Although Dad massacred my beautifully-cooked bird in the carving (see trailer above), he redeemed himself by producing his usual brilliant brandy butter. Noone knows how he manages to get so much alcohol into it, but he does (or rather, I do now, because I filmed it). Yep, I complicated the day rather more than most by also deciding to film it. I'd mooted this with my DoP / Co-producer Nina that she could spend the day with us, and quite naturally her partner vetoed this idea. So I'd ended up juggling the camera, the sound kit and a 9 pound turkey. Let noone say I lack ambition.

    Mark had been working nights, so appeared only to eat before passing out again. Campbell was on better form and manfully peeled the chestnuts, a job noone wants to do. Mum was drowsy most of the day until noone could get the joke from my cracker,
    "Why would you invite a mushroom to a party?"
    From the corner of the room and beneath a paper hat over one eye Mum swiftly piped up,
    "Because he's a fun guy"

    Dad was very patient as I filmed not only the brandy butter technique (classified material, surely) but us watching TV, lolling about on the sofa and generally being Christmassy. It was an especially painful decision to edit this scene out of the final film, when it had been so hard-won. So it's with great pleasure I see it now in the trailer for posterity.

    Christmas is a hard time to be without Mum, but seeing her become such a star in her own right through the ever-growing success of The Closer We Get, makes it a bit easier.

    Happy Christmas, and the whole team thanks you so much for your support of The Closer We Get.

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  • Thank you, dear audience

    After the success off our week-long run at London's Picturehouse Central, I just want to say right here how much every single person in an audience means to me and the team.
    As most of you know, we've diddly squat in the bank when it comes to marketing and advertising, and we rely on your word-of-mouth and all the great reviews which you can read here, to attract our audiences.
    I have also had some amazing messages of support privately - these are especially affecting, as so many people have comparable experiences in their families and have struggled to overcome the sometimes painful fallout. Our film offers hope of healing, even if - as reviewer Mark Kermode said - this is an 'unfashionable' message !

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  • It's About Time

    Some thoughts from director Karen on the passing of two years since the death of her Mum Ann, one of our film's stars:

    Two years exactly since Mum's death, and I spend a solitary weekend on the kind of pursuits that filled most of her life - Gardening, baking, sewing, cleaning cupboards, fruit-picking and making jam. She wraps herself around my every task, especially in the kitchen - her natural domain. I hear her chide my disorganised worktop, she slurps the foam from the jam-spoon with relish, checks my jars are clean, worries about the set.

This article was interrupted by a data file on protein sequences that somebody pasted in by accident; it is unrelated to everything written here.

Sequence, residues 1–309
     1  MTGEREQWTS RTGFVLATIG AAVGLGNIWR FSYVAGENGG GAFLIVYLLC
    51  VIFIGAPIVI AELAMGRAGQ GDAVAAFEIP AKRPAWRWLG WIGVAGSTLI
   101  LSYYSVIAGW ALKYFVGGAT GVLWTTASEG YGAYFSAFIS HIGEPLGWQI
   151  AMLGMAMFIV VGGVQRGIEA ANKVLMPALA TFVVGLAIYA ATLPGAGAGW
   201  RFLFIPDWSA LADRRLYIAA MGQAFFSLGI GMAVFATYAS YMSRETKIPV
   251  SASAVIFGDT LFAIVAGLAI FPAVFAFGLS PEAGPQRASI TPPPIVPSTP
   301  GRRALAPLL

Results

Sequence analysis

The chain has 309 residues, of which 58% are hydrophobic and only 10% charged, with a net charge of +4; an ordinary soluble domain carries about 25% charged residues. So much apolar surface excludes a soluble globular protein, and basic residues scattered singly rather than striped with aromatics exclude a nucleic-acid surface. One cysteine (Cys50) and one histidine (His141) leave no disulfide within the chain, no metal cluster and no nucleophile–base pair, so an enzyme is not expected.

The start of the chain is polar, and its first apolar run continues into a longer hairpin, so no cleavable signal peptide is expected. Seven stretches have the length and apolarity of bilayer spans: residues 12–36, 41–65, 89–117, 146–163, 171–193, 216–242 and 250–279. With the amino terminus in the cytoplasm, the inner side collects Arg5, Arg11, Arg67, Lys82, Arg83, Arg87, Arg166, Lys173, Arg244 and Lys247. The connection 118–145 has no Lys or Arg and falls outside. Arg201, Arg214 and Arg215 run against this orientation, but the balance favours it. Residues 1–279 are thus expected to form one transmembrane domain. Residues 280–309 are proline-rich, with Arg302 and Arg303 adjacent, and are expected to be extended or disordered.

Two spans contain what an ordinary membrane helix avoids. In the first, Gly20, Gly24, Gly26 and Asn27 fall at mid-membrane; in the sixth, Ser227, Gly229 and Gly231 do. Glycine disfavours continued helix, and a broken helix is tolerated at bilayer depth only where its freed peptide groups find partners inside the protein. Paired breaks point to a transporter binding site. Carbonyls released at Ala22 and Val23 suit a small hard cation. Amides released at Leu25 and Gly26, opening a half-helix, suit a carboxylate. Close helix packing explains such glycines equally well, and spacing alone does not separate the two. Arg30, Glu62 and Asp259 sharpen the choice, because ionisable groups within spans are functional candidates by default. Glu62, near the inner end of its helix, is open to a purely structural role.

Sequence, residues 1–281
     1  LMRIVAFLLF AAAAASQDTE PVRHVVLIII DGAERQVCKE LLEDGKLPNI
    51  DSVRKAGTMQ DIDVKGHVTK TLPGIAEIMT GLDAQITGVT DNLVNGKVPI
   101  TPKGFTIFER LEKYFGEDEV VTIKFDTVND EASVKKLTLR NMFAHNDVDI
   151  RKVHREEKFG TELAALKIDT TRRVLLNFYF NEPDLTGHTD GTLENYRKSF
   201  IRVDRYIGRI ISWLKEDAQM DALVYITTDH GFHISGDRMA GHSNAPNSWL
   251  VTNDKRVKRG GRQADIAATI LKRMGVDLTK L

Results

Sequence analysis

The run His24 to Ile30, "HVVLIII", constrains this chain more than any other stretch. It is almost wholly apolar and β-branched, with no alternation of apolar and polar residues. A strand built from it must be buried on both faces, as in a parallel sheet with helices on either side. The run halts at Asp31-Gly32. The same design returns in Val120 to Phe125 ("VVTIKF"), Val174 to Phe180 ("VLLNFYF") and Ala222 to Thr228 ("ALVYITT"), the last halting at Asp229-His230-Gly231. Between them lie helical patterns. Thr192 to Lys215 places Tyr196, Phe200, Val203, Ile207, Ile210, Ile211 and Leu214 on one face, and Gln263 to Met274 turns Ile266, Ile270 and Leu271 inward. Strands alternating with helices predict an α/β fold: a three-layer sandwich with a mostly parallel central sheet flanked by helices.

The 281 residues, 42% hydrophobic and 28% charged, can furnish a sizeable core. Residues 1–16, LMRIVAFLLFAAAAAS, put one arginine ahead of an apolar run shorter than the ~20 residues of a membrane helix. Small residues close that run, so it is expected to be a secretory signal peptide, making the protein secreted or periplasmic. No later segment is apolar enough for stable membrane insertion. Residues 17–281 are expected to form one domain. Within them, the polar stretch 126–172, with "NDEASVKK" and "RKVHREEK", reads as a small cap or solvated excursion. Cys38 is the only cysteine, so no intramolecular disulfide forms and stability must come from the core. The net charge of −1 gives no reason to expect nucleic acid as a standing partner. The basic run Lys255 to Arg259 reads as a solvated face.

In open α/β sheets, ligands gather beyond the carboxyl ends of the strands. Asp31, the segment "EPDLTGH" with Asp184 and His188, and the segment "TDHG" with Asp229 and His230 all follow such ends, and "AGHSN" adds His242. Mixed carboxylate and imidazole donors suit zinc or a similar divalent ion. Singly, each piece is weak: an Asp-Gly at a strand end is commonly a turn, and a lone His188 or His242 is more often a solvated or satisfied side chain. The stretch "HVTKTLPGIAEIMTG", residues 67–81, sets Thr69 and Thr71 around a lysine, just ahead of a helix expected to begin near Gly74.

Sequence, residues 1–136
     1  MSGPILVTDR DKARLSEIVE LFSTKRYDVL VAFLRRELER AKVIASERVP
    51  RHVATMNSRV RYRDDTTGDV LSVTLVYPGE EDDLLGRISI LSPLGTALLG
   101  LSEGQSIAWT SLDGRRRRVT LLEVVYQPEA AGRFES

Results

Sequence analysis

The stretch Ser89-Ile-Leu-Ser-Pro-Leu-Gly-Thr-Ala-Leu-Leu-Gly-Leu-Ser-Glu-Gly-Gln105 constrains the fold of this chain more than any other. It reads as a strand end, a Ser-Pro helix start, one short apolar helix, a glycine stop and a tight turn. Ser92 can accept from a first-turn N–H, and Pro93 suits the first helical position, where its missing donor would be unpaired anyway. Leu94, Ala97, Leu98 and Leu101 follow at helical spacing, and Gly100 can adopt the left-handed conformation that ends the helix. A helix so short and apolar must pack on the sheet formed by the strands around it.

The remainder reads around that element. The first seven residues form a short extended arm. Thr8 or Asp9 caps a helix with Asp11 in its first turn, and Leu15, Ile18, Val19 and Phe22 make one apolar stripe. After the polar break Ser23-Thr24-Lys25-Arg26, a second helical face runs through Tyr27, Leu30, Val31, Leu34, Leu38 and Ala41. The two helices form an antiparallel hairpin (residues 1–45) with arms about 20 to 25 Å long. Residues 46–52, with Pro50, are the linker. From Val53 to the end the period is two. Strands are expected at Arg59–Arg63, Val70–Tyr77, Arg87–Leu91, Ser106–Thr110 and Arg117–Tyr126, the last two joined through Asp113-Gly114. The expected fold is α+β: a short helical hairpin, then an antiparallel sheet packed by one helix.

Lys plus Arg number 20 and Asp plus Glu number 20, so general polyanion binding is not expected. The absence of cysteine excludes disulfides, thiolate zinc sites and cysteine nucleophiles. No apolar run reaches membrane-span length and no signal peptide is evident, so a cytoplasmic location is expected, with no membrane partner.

I haven't written down much lately, apart from lists and administrative emails. Lots of them.
    But the writing-in-my-head hasn't stopped, though 'The Closer We Get' - where it all went for 4 years - is done and dusted and out in the world now.

    And that feels very strange, and rather sad. Where should all those thoughts on grief and bereavement, joy and wonder, go now? In Julian Barnes' fine book, 'Levels of Life'  - written in the aftermath of his wife's death - he divides the world absolutely, thus - when we are young, by those who have had sex and those who haven't. And then - usually, though not always, later - into those who have grieved the death of a loved one. And those who haven't. Yet, that is.
    Perhaps I am now in Barnes' own farther-flung category - those who have shown the world that grief, for a while.

    Both the significant and insignificant things I inherited from Mum are now embedded in my domestic and working landscapes, like a matrix of archaeological finds suspended in insignificant mud. But only I would know them as special - I dry my hands on an old striped towel I rescued from her house as we emptied it, I cook with a packet of cornflour from her cupboard, I swallow a vitamin pill from a bottle she began, use her German stapler on my desk.

    Mum shared my passion for plants and gardens. In fact it was our strongest bond in my wayward teenage years when we could barely speak to each other civilly, and yet could happily visit the local garden centre for hours together, a boot-full of plants and a treacle scone in the tearoom to recover from the array of choice. She insisted she lacked expertise as a gardener, and yet she effortlessly grew enormous, slug-free clumps of some of the choicest plants we found together.  She always deferred to my tastes when it came to her garden, perhaps regretting it at times. I remember a year or so before she died, she told me, from her wheelchair parked up at the window, 'I really miss that wee patch of lawn we dug up, you know".